Burning Issue: Are this year’s All-Star nominations fair?
Are the All-Star nominations a fair reflection of the year in Gaelic football? Two JOE scribes argue it out.
Sean Nolan says… the release of the 45 names nominated for the All-Stars each year is a feeding frenzy for fans with a grudge i.e. all of us. The first thing I do when I get the list is scan though it for my own county, and then, after being pleasantly surprised this year to see Adrian Flynn make the cut, I scan through it looking for those who have been left out.
I believe most of us do that, knowing that whoever was in the All-Ireland final will have the bulk of the players, so we fly down the long list trying to spot the obvious omissions. But even with the beadiest of eyes on this year’s list, it is hard to have too many gripes.
Bryan Sheehan’s absence is a bit harsh but aside from that, the 45 players chosen are very, very close to the best 45 in the country in 2012.
The other reason most often cited by those who think the All-Stars are unfair is the aforesaid domination of the All-Ireland finalists. Almost half the list, 22 out of 45 to be exact, is split between Donegal and Mayo and that that sort of ratio occurs every year seems to anger many a GAA fan.
But they were clearly the two best teams in the country and, because of the structure of the Championship, teams that play four or five or more games are going to get more spotlight and get more votes from the shadowy All-Star selection committee. The argument against ‘too much focus on the All-Ireland teams’ is knocked out of the sky by the fact that they are almost always the two best teams that year.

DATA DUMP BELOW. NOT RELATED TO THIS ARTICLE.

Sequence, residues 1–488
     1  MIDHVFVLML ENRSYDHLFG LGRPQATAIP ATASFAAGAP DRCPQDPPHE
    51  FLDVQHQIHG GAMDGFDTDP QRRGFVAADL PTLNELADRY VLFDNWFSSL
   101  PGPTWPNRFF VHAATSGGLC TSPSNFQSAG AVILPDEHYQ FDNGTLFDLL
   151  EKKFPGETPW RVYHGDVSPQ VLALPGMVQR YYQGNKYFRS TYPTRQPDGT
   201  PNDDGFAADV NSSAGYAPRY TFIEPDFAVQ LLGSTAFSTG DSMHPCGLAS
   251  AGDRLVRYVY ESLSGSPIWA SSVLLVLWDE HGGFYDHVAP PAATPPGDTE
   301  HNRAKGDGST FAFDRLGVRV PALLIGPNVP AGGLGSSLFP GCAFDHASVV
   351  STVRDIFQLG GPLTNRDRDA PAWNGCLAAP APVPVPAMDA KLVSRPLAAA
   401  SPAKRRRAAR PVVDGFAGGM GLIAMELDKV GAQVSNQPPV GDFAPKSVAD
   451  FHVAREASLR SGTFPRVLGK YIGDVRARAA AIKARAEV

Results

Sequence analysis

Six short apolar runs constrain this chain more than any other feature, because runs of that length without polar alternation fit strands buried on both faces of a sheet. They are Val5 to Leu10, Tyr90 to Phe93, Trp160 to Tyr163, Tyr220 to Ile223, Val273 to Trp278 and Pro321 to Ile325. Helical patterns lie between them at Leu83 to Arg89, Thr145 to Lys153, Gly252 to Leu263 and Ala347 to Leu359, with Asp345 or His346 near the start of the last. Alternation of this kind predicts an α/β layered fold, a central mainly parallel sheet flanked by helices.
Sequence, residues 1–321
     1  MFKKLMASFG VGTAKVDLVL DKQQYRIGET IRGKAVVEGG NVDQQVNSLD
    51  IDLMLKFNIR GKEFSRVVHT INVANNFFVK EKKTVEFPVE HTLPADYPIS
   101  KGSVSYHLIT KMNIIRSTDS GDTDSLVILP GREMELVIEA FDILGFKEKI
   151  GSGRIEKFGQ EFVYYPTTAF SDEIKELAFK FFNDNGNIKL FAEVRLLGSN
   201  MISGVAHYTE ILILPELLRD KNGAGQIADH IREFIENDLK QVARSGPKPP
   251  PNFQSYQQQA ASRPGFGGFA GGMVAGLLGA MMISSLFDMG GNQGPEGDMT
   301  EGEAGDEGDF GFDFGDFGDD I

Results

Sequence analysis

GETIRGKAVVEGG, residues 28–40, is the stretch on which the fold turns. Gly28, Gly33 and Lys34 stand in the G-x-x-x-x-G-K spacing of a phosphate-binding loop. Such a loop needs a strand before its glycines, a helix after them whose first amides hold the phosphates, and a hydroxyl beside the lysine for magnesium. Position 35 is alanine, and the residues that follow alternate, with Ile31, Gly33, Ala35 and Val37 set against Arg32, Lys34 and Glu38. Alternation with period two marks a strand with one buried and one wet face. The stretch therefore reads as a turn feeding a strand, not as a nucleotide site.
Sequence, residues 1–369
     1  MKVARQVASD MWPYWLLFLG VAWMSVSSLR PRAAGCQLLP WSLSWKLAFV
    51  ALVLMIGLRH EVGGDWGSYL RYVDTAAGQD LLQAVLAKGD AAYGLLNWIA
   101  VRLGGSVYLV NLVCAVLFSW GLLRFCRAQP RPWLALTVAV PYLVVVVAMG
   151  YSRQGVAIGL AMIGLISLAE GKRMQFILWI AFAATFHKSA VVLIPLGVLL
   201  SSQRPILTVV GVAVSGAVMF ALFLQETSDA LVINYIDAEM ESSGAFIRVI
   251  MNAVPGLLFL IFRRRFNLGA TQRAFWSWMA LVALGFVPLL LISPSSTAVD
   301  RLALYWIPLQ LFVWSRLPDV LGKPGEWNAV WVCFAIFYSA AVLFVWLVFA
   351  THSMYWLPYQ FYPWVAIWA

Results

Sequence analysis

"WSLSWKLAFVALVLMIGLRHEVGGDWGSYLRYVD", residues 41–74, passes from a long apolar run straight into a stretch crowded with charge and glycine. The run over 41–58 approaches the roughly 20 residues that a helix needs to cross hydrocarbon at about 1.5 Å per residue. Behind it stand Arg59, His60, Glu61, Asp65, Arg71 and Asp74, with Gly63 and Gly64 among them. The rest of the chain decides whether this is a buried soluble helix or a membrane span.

But even those hardliners who bemoan the September bias can’t really be too upset as the majority of nominees this year didn’t play in the decider. In fact, this year there are 12 counties represented in the 45 players selected and nobody could begrudge the likes of Michael Quinn, Emmet Bolton, Jamie Clarke and Wexford’s Flynn getting a small acknowledgement for their performances this year.
Don’t get us wrong, we don’t expect any of them to pick up an actual gong on the night but the small matter of being nominated is a very welcome bonus after a long year of training for players who ended the year without a title.
There are some who would like to see the process thrown open to the public, allowing them to choose the All-Stars online. But as we have seen from Ronnie O’Brien being voted Time Man of the Year to the recent Mountain Dew new flavour poll that saw hackers get ‘Hitler did nothing wrong’ to the top of the list, these are far from foolproof either.
The mystery men (or women) behind this year’s list had a very difficult job to do and performed it almost perfectly. You can have one or two quibbles – there would be something drastically wrong with you if you didn’t – but overall the final 45 is equitable, even-handed and well-balanced. Or, to put it succinctly, fair.
Conor Heneghan says… Before I start into a rant on why their selections were wrong, I should say that those on the All-Star committee had an incredibly hard job on their hands and I can relate in some tiny way to their predicament.
As of this year on JOE, we started a Power Rankings feature whereby we ranked the top 20 Gaelic Footballers and hurlers according to their influence on both sports, a list that was reviewed on a monthly basis throughout the season.